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practice updates

Lyceum Bullets: DKA

Questions Addressed:

  • When you are suspicious for DKA do you obtain a VBG or an ABG? How good is a VBG for determining acid/base status?
  • Do you use serum or urine ketones to guide your diagnosis and treatment of DKA?
  • Do you use IV bicarbonate administration for the treatment of severe acidosis in DKA? If so, when?
  • When do you start an insulin infusion in patients with hypokalemia? Do you give a bolus followed by a drip?

practice updates

Nuances in Resuscitation Part III: Diabetic Ketoacidosis

Thus far we have discussed resuscitation in trauma and sepsis.  What distinguishes those two from the resuscitation goals in DKA is timing.  In trauma and sepsis, it’s all about early recognition, aggressive and quick optimization, and understanding all the possible treatment options at your disposal.  In the management of DKA, it’s quite the opposite.  If you remember anything from this discussion, it’s that slow and steady wins the race!  In fact, overaggressive resuscitation is what leads to the most significant morbidity and mortality in DKA patients.  Patients in DKA don’t die from the disease process – they die because we kill them! [...]

practice updates

Nuances in Resuscitation Part II: EGDT In Sepsis

In November 2001, Dr. Manny Rivers and his colleagues published an article in the New England Journal of Medicine on Early Goal Directed Therapy in Sepsis.  At the time, sepsis was not a new concept, nor was the treatment of it.  Where I believe the real genius in EGDT lies is in a fanatical focus on early recognition of sepsis by utilizing SIRS criteria, as well as developing an algorithm with definable objective treatment goals to assist providers in understanding if their treatment selections are in fact working.  The basic questions in EGDT therapy are:

  1. How much fluid is enough?
  2. Are the vital organs being perfused appropriately?
  3. Is there adequate oxygen delivery and utilization by those vital organs?
Since Rivers published his article in 2001, it has been met with both acclaim and controversy.  EGDT utilizes central venous pressure monitoring, lactate trending, SvO2 monitoring, vasopressor therapy, and sometimes, blood transfusions to optimize resuscitation of the septic patient.  I believe the controversy is not in whether or not it works, as multiple studies have demonstrated a reduction in morbidity and mortality.  Instead, the controversy lies in what is the best modality to answer the basic questions of sepsis resuscitation, and whether some of the aggressive steps recommended in the initial study are necessary or even practical in many emergency departments across the country. [...]

practice updates

Practical Nuances of Resuscitation: Not All Are Created Equal (Part 1)

One of my colleagues likes to tell our residents, “they don’t come to the ED to die, they come here to live.”  It is our skill in identifying critically ill patients and successfully resuscitating them that defines us as emergency medicine physicians.  Resuscitation in its simplest term means to revive from unconsciousness or apparent death.  However, there are a multitude of different disease processes that cause critical illness, and the approach to resuscitation of each illness is quite different.  It is important to have a confident grasp of different resuscitation options and endpoints so you can best help your patients.  If you try to resuscitate all of your patients in exactly the same manner, you will actually end up harming many of them instead. The goal here is to understand the resuscitation technique and endpoints in trauma, sepsis, and diabetic ketoacidosis.  The tried and true methods will be summarized, and areas where controversies exist will be discussed as well.  As a result, there is a wealth of information that we need to get through.  In order to lay it out for you in smaller, digestible bites, I am going to roll this out in installments.  First up….trauma! [...]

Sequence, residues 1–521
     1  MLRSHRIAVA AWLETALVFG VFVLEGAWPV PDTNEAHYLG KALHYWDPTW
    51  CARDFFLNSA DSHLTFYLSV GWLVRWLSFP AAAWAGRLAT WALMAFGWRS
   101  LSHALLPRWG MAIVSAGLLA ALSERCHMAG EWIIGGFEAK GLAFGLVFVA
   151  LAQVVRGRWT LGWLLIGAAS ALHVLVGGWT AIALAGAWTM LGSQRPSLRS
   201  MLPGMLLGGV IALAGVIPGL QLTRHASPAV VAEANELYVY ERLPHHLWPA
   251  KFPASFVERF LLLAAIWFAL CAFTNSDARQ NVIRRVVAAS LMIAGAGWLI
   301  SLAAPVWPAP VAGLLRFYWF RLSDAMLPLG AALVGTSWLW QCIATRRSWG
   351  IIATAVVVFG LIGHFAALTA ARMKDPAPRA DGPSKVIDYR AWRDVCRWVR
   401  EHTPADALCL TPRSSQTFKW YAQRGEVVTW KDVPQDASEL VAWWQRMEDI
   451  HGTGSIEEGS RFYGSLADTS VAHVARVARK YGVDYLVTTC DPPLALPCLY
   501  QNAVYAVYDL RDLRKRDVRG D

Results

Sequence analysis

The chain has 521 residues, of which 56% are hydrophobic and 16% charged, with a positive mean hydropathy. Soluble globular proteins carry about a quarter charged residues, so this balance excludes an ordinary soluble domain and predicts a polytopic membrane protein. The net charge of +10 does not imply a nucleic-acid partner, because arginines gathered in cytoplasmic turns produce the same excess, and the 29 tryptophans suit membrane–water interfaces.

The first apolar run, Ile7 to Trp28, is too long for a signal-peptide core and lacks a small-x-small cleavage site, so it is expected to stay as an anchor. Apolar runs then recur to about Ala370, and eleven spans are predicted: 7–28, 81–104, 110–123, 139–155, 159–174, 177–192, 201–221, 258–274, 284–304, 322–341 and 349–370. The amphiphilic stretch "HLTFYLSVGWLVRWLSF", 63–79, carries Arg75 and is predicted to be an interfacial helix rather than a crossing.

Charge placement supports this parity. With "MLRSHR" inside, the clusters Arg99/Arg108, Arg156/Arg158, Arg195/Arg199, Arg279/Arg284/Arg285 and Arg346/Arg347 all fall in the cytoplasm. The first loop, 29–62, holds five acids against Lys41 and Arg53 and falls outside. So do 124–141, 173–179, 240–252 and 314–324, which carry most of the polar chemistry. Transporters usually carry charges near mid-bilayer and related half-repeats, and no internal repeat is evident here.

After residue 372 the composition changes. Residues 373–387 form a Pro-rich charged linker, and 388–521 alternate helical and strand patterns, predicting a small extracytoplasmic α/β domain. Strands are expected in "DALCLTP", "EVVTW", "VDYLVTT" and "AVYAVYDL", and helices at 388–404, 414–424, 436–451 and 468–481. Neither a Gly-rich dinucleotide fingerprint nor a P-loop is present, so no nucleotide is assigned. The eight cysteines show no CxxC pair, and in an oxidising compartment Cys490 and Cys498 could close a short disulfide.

intern report

Intern Report Collection, Vol. 2

Our ongoing intern report series is the product of first-year EM residents at UT Southwestern exploring clinical questions they have found to be particularly intriguing. For med students & junior residents - if you haven't encountered these issues yet, you will! We had been posting these individually, but moving forward will release them in groups for your reading convenience. Enjoy.

Ask Me Anything

Ask Me Anything – Haney Mallemat, MD

Live Blog Ask Me Anything with Haney Mallemat, MD
 

intern report

Prolactin and Seizures

Case “Doctor, I’m having a seizure!” says the patient shaking with his eyes open looking at you. Ah yes, the illustrious pseudo-seizure. What if the patient is not talking to you during the event? Is there any way to tell the difference between an epileptic seizure (ES) and a non-epileptic seizure (NES)? A fellow resident recommended I get a STAT prolactin level, (PRL), an idea I’d never heard of, so I briefly looked into it for your reading pleasure. [...]